Vandenbroucke, Sophie, Geert Crombez, Dimitri Van Ryckeghem, Marcel Brass, Stefaan Van Damme, and Liesbet Goubert. 2013. “Vicarious Pain While Observing Another in Pain: An Experimental Approach.” FRONTIERS IN HUMAN NEUROSCIENCE 7: 1–13. doi:10.3389/fnhum.2013.00265.
Vancouver
1.
Vandenbroucke S, Crombez G, Van Ryckeghem D, Brass M, Van Damme S, Goubert L. Vicarious pain while observing another in pain: an experimental approach. FRONTIERS IN HUMAN NEUROSCIENCE. 2013;7:1–13.
IEEE
[1]
S. Vandenbroucke, G. Crombez, D. Van Ryckeghem, M. Brass, S. Van Damme, and L. Goubert, “Vicarious pain while observing another in pain: an experimental approach,” FRONTIERS IN HUMAN NEUROSCIENCE, vol. 7, pp. 1–13, 2013.
@article{3257614,
  abstract     = {{Objective: This study aimed at developing an experimental paradigm to assess vicarious pain experiences. We further explored the putative moderating role of observer's characteristics such as hypervigilance for pain and dispositional empathy. Methods: Two experiments are reported using a similar procedure. Undergraduate students were selected based upon whether they reported vicarious pain in daily life, and categorized into a pain responder group or a comparison group. Participants were presented a series of videos showing hands being pricked whilst receiving occasionally pricking (electrocutaneous) stimuli themselves. In congruent trials, pricking and visual stimuli were applied to the same spatial location. In incongruent trials, pricking and visual stimuli were in the opposite spatial location. Participants were required to report on which location they felt a pricking sensation. Of primary interest was the effect of viewing another in pain upon vicarious pain errors, i.e., the number of trials in which an illusionary sensation was reported. Furthermore, we explored the effect of individual differences in hypervigilance to pain, dispositional empathy and the rubber hand illusion (RHI) upon vicarious pain errors. Results: Results of both experiments indicated that the number of vicarious pain errors was overall low. In line with expectations, the number of vicarious pain errors was higher in the pain responder group than in the comparison group. Self-reported hypervigilance for pain lowered the probability of reporting vicarious pain errors in the pain responder group, but dispositional empathy and the RHI did not. Conclusion: Our paradigm allows measuring vicarious pain experiences in students. However, the prevalence of vicarious experiences of pain is low, and only a small percentage of participants display the phenomenon. It remains however unknown which variables affect its occurrence}},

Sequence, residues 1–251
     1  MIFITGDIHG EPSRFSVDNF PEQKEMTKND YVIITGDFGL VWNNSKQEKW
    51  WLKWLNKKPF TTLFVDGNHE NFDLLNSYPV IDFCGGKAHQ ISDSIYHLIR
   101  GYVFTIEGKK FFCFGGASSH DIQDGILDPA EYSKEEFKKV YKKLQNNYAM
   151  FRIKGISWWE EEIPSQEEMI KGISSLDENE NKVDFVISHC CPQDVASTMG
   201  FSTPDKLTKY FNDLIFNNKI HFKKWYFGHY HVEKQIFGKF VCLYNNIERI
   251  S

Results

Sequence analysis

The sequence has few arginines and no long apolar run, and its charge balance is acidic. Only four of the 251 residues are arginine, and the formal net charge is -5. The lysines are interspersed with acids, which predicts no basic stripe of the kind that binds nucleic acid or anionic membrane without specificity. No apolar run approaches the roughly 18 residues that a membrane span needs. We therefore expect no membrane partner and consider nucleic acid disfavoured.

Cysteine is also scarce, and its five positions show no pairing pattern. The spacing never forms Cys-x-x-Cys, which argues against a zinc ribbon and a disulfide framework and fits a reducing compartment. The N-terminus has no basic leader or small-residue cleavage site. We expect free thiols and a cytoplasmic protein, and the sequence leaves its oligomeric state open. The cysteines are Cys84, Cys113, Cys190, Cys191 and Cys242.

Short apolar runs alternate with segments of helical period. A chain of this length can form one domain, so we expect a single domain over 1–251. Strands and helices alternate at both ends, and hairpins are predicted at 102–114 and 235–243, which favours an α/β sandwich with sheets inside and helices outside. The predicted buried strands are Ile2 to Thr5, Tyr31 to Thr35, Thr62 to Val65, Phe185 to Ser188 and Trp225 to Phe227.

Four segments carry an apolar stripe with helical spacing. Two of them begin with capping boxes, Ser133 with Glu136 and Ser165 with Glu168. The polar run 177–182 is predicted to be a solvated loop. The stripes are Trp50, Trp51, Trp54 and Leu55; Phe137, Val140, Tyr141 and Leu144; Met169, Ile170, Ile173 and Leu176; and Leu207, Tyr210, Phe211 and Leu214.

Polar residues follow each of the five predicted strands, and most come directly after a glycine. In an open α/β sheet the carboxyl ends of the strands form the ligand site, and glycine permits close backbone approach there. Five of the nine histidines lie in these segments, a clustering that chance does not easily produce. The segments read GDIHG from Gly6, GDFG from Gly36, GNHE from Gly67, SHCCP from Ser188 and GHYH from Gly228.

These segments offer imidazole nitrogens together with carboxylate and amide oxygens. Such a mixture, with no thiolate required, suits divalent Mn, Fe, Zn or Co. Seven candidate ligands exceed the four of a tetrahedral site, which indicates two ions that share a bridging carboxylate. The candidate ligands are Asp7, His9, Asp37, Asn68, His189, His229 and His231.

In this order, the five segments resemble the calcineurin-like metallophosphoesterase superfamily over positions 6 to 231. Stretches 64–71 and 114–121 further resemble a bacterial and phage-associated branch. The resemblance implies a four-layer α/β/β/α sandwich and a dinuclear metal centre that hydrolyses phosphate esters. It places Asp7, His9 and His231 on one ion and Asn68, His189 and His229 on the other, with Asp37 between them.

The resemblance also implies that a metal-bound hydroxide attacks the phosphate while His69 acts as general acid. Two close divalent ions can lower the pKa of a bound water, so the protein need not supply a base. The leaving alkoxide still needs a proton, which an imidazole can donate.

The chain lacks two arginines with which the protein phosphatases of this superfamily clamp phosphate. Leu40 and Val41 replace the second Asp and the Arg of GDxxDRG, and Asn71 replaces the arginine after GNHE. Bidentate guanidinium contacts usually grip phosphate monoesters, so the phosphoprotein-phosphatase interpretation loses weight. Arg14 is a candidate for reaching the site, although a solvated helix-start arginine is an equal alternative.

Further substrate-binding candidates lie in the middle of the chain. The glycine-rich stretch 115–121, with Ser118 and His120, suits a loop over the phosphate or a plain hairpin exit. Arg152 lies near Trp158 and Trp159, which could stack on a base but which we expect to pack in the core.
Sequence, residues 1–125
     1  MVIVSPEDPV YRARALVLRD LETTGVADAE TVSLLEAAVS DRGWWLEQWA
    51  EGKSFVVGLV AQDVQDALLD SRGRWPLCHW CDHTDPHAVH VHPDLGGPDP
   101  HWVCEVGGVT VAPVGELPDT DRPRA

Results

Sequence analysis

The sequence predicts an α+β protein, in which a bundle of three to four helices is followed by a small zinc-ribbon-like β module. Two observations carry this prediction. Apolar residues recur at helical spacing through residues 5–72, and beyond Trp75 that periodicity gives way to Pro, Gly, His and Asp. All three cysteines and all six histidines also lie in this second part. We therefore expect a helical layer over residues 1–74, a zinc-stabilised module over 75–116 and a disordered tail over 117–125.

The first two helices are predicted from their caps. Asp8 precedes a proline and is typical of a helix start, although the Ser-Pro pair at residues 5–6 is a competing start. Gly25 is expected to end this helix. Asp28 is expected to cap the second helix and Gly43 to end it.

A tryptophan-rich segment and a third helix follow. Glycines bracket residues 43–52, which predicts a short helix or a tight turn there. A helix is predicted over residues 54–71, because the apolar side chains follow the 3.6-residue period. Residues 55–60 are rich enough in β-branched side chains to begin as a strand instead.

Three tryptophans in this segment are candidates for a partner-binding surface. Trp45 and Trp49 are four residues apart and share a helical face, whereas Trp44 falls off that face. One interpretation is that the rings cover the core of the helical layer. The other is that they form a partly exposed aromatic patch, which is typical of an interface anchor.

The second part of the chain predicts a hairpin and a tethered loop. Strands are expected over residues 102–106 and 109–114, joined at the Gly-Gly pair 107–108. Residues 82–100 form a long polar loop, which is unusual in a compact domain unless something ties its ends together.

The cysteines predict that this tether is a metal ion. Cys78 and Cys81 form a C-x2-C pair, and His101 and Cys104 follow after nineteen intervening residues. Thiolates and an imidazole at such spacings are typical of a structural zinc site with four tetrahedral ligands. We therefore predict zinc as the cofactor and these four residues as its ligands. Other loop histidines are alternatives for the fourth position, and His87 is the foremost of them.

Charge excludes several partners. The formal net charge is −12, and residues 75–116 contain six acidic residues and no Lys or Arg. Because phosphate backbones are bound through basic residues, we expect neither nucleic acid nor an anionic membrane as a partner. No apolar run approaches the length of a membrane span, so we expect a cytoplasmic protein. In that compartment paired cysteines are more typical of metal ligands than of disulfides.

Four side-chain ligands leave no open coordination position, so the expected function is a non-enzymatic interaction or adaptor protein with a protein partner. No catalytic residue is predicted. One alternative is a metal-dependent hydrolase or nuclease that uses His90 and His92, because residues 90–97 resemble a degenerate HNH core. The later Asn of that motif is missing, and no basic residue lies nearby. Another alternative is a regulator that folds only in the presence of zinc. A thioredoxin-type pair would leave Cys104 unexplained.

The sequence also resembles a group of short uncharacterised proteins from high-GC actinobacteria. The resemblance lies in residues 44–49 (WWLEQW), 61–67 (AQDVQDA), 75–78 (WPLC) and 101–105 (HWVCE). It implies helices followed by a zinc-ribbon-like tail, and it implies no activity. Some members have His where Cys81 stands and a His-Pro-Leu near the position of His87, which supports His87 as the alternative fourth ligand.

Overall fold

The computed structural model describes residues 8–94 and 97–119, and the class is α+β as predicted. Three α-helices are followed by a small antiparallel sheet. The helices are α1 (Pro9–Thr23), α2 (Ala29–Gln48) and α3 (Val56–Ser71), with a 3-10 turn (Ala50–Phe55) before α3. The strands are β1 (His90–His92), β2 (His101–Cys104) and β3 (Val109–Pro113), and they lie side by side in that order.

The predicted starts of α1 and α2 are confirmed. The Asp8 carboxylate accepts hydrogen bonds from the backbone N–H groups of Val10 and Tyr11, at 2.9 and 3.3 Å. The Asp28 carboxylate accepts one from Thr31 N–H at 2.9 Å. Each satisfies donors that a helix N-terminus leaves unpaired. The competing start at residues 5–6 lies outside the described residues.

author       = {{Vandenbroucke, Sophie and Crombez, Geert and Van Ryckeghem, Dimitri and Brass, Marcel and Van Damme, Stefaan and Goubert, Liesbet}},
  issn         = {{1662-5161}},
  journal      = {{FRONTIERS IN HUMAN NEUROSCIENCE}},
  keywords     = {{INDIVIDUAL-DIFFERENCES,AWARENESS QUESTIONNAIRE,DUTCH VERSION,COUNT DATA,EMPATHY,SYNAESTHESIA,TOUCH,VIGILANCE,RELIABILITY,REGRESSION,vicarious pain,synaesthesia for pain,observation of pain,empathy,hypervigilance for pain}},
  language     = {{eng}},
  pages        = {{1--13}},
  title        = {{Vicarious pain while observing another in pain: an experimental approach}},
  url          = {{http://dx.doi.org/10.3389/fnhum.2013.00265}},
  volume       = {{7}},
  year         = {{2013}},
}